Jul 30, 2009
Jul 25, 2009
"Never in my mind did I think that there would be anything remotely related to Michael Jackson on my site. But tonight as I listened to Debbie Rowe, his former wife, talk about her relationship with the King of Pop, the children and her postpartum experience I changed my mind. Between Rowe's interview and snippets of an interview with Michael Jackson himself, you got a very odd view of what the postpartum experience was for the Jackson family.
With his first son, Prince Michael, the baby had some breathing difficulties right after birth. As with any new parent, Michael Jackson was frightened. But when the NICU nurse pronounced, several hours after birth, that the baby was healthy and doing well, Michael immediately took the baby home to the Neverland Ranch. Hours, folks. Seriously, in the hospitals where I live, you'd be lucky to see your baby out of the nursery sometimes in that amount of time and in your postpartum hospital room.Even stranger is where Debbie Rowe went when she was released from the hospital after giving birth. Michael Jackson had fixed it so that she could rest and recuperate at the Biltmore in Arizona. Now, that is my style of postpartum care! (I did have a niggling question about where she trashed the monster pads you have to wear after giving birth.) While I would have to have my baby with me, the Biltmore sounds like a smashing place. I did wind up doing a few days postpartum in a hotel after our seventh baby was born and our AC went out, but let's just say seven small kids in one room was not what Debbie Rowe had.
When Paris was born, Michael Jackson again, whisked the baby off This time he reportedly didn't even let the baby be dried off before returning to the Neverland Ranch. ( Mom went to a fancy new house of her own this time.) Wow. Part of me is amazed that anyone let this happen in the hospital. Part of me totally gets that this was all about what money could buy. My wish? That parents who wanted to give birth in the hospital, had the choice to return to their homes shortly after birth if they wanted to do so, even without having to moonwalk the baby out of the nursery under the suspicious eye of the nursery nurses."
What's your take on the story of Michael Jackson's babies' home records and the fancy postpartum digs?
Jul 23, 2009
This interview clip is part of Rites of Passage, an exclusive video series and art/photo/ essay contest that engages mothers across the country in a dialogue about childbirth and the transformation of new motherhood. This series is hosted by Mindful Mama and features exclusive interviews with 25 of the world's leading midwives, physicians, activists, and scholars who advocate for safe, empowered birth.
Jul 15, 2009
Birth is normal, natural and healthy
The experience of birth profoundly effects women and their families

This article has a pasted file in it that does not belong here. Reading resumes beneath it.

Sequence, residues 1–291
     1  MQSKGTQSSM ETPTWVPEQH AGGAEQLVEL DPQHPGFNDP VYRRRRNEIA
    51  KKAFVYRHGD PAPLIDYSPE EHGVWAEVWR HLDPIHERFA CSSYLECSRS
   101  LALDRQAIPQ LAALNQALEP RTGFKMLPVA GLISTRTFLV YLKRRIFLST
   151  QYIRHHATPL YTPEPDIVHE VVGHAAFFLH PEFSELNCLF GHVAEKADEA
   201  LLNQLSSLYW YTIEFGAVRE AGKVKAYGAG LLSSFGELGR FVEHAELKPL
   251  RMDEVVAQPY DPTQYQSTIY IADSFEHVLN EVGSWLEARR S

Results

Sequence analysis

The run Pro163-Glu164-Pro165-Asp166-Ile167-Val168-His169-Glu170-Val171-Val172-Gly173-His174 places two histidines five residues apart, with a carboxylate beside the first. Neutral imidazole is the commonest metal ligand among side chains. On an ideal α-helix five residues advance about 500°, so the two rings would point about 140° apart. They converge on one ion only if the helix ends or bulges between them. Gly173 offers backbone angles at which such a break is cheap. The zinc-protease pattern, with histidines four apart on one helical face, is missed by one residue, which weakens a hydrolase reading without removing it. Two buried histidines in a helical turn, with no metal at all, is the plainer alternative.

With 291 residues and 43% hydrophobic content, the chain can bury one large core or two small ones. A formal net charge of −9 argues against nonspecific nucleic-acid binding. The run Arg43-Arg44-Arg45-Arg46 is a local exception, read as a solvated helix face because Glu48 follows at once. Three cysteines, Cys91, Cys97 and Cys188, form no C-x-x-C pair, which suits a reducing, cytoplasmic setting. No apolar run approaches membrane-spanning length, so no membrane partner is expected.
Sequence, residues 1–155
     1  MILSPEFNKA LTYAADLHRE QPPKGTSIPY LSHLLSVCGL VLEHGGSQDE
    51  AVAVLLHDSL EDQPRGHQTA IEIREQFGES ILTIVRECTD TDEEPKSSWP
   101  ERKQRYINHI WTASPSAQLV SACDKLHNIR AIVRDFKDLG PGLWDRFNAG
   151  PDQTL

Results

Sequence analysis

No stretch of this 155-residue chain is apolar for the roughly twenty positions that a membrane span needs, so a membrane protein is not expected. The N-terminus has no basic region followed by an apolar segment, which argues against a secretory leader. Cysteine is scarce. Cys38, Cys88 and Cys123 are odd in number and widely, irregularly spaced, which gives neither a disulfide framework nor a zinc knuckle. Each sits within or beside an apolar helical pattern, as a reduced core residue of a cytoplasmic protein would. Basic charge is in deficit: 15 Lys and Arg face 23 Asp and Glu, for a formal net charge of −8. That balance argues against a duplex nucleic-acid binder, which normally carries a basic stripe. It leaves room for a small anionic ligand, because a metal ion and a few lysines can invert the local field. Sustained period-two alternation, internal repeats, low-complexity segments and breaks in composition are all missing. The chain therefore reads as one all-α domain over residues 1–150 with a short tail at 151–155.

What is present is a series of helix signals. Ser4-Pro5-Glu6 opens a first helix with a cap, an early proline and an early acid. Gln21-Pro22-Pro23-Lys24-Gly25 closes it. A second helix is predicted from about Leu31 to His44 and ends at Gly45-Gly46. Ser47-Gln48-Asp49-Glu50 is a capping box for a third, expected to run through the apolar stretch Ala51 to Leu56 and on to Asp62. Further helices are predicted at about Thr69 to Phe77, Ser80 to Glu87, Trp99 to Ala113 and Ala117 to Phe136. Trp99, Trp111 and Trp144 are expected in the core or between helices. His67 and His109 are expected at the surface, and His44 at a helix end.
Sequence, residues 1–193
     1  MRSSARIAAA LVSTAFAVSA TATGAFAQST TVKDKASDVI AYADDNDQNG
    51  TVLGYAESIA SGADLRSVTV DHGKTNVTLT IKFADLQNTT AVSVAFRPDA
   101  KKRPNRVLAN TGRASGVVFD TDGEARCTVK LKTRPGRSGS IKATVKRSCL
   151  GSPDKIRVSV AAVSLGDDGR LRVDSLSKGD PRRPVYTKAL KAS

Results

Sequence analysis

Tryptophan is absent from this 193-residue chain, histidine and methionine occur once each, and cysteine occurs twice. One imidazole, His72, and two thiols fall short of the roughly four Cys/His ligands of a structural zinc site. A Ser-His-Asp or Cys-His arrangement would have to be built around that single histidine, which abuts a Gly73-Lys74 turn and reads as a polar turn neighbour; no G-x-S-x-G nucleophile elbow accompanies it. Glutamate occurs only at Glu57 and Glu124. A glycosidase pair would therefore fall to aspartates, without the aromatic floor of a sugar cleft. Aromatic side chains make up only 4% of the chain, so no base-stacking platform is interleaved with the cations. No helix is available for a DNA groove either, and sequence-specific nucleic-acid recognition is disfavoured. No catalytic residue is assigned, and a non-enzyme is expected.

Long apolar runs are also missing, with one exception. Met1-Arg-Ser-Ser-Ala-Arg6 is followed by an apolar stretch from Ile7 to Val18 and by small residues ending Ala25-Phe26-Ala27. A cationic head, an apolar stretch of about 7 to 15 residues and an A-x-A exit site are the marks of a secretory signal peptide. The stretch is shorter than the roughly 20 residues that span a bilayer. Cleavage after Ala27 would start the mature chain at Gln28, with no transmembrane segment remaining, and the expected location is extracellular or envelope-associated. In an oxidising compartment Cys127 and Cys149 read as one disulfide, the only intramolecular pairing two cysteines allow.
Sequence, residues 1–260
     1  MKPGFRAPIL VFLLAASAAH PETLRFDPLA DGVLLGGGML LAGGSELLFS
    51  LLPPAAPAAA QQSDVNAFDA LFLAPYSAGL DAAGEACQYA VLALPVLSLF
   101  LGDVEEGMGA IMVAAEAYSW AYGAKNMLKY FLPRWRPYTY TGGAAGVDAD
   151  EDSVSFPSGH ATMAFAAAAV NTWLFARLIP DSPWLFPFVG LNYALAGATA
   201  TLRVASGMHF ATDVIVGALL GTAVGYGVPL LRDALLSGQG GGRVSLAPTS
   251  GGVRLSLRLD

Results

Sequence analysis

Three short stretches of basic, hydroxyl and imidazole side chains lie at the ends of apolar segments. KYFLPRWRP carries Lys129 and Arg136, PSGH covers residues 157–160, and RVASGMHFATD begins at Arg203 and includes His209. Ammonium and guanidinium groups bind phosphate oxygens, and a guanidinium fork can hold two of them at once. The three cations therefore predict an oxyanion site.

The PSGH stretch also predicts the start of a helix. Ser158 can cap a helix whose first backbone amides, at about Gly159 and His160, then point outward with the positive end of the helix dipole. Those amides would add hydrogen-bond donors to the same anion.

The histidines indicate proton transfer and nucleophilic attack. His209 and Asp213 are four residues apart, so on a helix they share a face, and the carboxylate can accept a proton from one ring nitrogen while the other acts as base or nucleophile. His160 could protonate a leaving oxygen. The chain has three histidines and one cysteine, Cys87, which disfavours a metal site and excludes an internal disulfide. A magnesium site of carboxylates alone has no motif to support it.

Women’s inner wisdom guides them through birth
Women’s confidence and ability to give birth is either enhanced or diminished by the care provider and place of birth
Women have the right to give birth free from routine medical interventions
Birth can safely take place in birth centers and homes
Childbirth education empowers women to make informed choices in health care, to assume responsibility for their health and to trust their inner wisdom
Jul 11, 2009
Maternal death is the greatest health inequity of the 21st Century. Every minute, someones mother, sister, wife or friend dies needlessly giving birth. That adds up to half a million women a year.
It remains a global disgrace that more women in the developing world die through becoming pregnant than from any other cause.
Yet we know what to do to stop this. Weve tried it. It works. Even in countries usually considered poor.
The answer is many more trained health workers.
The G8 have promised to take action.
As yet, they havent.
Lets hold them to their promises.
Birth and Death is part of the White Ribbon Alliance Atlas of Birth project, in collaboration with GHP3 (University of Southampton) and Immpact (University of Aberdeen), July 2009.
Jul 8, 2009
The moon changes the barometric pressure in water due to its gravitational pull. Just as the moon has an effect on the waters on earth which makes it responsible for the tide coming in (high tide) and the tide going out (low tide), it too has an effect on humans, as humans are 75% water.
The gravitational pull from the moon changes the barometric pressure in the woman's water sac and this change in pressure usually causes it to rupture which result in the women going into labor or the doctor having to induce labour due to the leakage.
In my own experience I have noticed a pattern of women going into labor anywhere from immediately to 24 hours after a full moon.'